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How to Multiply Numbers

Introduction

From addition and subtraction, we introduce another basic arithmetic operation called multiplication. But what is multiplication? How do we use it?

Through this article, we will learn about the concept of multiplying numbers, some properties related to this operation, and then we proceed with working with numbers through multiplication.

What is Multiplication?

When we refer to multiplication, we mean to add numbers in groups. Intuitively, we can think of multiplication as putting together equal groups of things:

If we have a group of four balls and combine it with two other groups of four balls, we are multiplying the number of balls by the number of groups we put together:

What are the Operands in Multiplication?

In the previous example, we have the following operation involving multiplication:

4×3=12

Here, the first number being multiplied, 4, is called the multiplicand.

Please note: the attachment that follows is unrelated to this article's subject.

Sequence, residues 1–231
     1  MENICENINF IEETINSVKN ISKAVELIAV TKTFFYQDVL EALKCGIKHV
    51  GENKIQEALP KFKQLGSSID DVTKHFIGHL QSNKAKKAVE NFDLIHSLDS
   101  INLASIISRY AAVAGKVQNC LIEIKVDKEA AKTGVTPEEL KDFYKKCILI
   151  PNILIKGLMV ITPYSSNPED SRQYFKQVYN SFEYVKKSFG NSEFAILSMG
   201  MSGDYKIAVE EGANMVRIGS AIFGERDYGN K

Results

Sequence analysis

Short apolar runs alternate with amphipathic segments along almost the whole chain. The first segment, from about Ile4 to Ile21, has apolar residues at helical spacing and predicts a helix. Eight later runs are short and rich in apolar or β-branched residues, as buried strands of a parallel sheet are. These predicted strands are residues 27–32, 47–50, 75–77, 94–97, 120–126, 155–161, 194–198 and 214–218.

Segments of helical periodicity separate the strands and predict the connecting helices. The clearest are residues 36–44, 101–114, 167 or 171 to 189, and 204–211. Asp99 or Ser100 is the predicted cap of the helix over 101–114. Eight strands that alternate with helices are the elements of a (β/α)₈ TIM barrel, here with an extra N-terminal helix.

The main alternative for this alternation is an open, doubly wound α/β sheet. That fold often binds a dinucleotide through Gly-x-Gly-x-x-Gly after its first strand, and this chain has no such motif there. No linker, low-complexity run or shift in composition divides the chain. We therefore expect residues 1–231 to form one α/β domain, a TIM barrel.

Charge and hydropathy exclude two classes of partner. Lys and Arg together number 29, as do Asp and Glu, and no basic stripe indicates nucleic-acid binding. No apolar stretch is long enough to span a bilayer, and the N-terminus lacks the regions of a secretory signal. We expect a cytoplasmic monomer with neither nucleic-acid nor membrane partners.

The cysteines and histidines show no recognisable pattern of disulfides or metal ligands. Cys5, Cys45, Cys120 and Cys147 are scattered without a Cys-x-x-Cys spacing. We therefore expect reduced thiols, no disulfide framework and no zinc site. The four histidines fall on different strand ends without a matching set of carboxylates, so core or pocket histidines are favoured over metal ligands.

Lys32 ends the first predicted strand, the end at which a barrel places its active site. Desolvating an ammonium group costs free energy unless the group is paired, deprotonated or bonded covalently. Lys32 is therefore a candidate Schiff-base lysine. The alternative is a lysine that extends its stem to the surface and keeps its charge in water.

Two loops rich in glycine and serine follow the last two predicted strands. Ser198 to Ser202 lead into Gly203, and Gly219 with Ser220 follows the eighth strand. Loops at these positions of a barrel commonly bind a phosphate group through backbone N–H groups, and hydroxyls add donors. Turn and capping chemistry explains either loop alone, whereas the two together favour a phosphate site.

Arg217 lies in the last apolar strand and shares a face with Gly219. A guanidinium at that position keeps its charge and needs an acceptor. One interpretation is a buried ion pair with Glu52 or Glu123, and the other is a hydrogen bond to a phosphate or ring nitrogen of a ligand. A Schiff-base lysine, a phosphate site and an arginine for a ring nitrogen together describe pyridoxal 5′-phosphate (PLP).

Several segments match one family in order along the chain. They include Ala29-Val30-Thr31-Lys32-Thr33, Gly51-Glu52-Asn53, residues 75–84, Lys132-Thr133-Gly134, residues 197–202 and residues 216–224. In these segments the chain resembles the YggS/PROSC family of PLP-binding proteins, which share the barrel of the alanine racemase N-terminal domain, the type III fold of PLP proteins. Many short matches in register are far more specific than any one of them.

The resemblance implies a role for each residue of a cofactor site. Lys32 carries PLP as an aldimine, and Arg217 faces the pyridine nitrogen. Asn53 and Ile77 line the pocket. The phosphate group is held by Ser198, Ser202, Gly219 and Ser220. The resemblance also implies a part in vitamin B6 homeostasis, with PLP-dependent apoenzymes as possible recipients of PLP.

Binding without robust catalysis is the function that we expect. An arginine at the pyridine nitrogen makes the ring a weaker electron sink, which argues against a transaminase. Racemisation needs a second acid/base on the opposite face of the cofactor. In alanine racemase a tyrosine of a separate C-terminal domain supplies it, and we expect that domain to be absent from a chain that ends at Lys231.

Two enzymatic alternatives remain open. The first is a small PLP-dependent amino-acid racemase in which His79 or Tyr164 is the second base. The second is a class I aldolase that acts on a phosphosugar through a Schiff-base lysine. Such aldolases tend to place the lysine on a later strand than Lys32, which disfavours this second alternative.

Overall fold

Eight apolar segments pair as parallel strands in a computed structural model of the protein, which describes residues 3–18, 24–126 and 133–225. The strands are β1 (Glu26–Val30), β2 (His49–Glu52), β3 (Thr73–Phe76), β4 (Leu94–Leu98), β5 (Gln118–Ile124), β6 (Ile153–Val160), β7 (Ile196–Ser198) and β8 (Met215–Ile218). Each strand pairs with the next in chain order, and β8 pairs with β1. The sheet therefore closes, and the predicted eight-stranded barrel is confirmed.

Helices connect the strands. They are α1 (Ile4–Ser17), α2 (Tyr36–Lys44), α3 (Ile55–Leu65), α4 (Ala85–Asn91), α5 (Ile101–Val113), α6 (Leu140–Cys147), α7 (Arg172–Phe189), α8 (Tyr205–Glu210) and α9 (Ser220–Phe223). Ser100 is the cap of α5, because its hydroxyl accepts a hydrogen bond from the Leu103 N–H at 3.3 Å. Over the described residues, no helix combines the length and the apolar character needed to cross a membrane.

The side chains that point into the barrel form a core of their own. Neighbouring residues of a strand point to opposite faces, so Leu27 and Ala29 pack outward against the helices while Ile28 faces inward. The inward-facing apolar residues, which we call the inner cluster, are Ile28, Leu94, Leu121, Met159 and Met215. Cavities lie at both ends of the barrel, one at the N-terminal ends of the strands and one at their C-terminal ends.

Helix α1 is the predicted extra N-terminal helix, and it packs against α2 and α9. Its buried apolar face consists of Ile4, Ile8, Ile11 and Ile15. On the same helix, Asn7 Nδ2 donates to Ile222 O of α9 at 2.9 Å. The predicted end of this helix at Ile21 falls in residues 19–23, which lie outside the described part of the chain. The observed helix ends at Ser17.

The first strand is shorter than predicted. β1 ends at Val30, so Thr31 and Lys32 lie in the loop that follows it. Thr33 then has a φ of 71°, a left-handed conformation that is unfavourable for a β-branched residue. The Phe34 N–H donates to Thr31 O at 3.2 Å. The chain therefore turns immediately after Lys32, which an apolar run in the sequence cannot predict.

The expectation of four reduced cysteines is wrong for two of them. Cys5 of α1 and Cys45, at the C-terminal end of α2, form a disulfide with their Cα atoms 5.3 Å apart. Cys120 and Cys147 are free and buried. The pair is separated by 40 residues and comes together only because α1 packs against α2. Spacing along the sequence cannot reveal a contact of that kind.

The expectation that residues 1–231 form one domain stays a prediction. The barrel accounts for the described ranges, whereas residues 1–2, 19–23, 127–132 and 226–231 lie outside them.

The second number, 3, is called the multiplier, this is the number of times the multiplicand will be added to itself.

We generally refer to both multiplicand and multiplier as factors in multiplication.

Lastly, the result of the multiplication is called the product. In this example, 12 is the product obtained by multiplying 4 by 3.

What are the Symbols Used for Multiplication?

When we multiply numbers, we commonly use the cross symbol “” for denoting multiplication. As we have seen in the previous example, the cross symbol was used in multiplying 4 and 3.

In some cases, we might encounter the dot symbol “  ” while performing arithmetic. For numbers, this also means to multiply them:

4⋅3=12

Lastly, we can also use a pair of parentheses “( )” to denote multiplication between numbers:

(4)(3)=12

Properties of Multiplication

Aside from its definition, we also have some properties that are useful when performing multiplication. We list below the following properties of multiplication:

Commutative Property of Multiplication

The Commutative Property of Multiplication allows us to multiply numbers regardless of the order they are evaluated. It states that either of the factors can be designated as the multiplicand or multiplier, but the same product would still be obtained:

4×3=3×4